CHINESE MEDIA RESPONSES
“The contrast between old Beijingers and new immigrants is exaggerated, and it polarizes the relationship between locals and outsiders.”
Despite censorship of the actual text, Zhang’s essay is widely discussed by Chinese official media.
State media outlet People’s Daily (@人民日报) writes on Weibo:
“The essay ‘Beijing Has 20 Million People Pretending to Live There’ is a viral hit but is not approved of. There really is such a thing as the “Big City Disease”, and we do not need to pretend as if people in first-tier cities are not struggling and facing hardships. But in Beijing, both locals and outsiders are alive and kicking; they are all the more real because of their dreams. Making a living is hard, but it is the days of watching flowers blossom and wilt that are full of life. The city and its people don’t have it easy, but they have to show some tolerance for each other and then they can both succeed.”
Xinhua News Agency also published a response to the article titled: “Lives in the City Cannot Be Fake” (“一个城市的生活无法“假装“).
Lashing out against Mr. Zhang, they write that: “Beijing has no human warmth, Beijing is a city of outsiders, old Beijingers can’t go back to their city – behind every one of these sentences is not the ‘fakeness’ of Beijing, but the clamor of the author’s emotions about ‘coming to Beijing.'”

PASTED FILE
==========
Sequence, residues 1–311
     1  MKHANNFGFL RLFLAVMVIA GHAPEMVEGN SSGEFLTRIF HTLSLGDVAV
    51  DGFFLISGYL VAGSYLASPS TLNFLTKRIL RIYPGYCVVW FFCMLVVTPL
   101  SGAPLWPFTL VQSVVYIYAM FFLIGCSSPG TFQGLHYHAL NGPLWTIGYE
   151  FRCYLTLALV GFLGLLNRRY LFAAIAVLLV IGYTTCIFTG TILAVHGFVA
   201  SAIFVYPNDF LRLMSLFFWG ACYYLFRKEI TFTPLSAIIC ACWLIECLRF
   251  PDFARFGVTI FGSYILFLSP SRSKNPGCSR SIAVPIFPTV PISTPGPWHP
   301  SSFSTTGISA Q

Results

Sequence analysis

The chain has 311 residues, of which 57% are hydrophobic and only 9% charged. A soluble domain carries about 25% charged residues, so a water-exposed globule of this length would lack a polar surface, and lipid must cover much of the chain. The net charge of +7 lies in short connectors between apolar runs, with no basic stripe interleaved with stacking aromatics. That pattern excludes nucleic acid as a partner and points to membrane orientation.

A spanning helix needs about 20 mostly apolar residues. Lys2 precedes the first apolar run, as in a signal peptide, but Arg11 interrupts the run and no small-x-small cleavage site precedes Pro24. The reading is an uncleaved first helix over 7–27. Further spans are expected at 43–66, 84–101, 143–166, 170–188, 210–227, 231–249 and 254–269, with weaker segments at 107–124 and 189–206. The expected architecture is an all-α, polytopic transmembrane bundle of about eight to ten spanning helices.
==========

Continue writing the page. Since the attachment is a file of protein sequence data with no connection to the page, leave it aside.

State broadcaster CCTV (@央视新闻) also responds to the essay on Weibo, saying:
“Over the past few days, the essay ‘Beijing Has 20 Million People Pretending to Live There’ has exploded on the Internet, but how the text portrays the contrast between old Beijingers and new immigrants is exaggerated, and it polarizes the relationship between native Beijingers and outsiders. In reality, Beijing is not as cold as it is described in the essay. Everyone already knows that it’s not easy living in a big city. The future of Beijing is in the hands of competent, daring and hardworking people who pursue their dreams.”
A STORM OF DEBATE
“I am one of these 20 million people, and my life is not fake – I am living it.”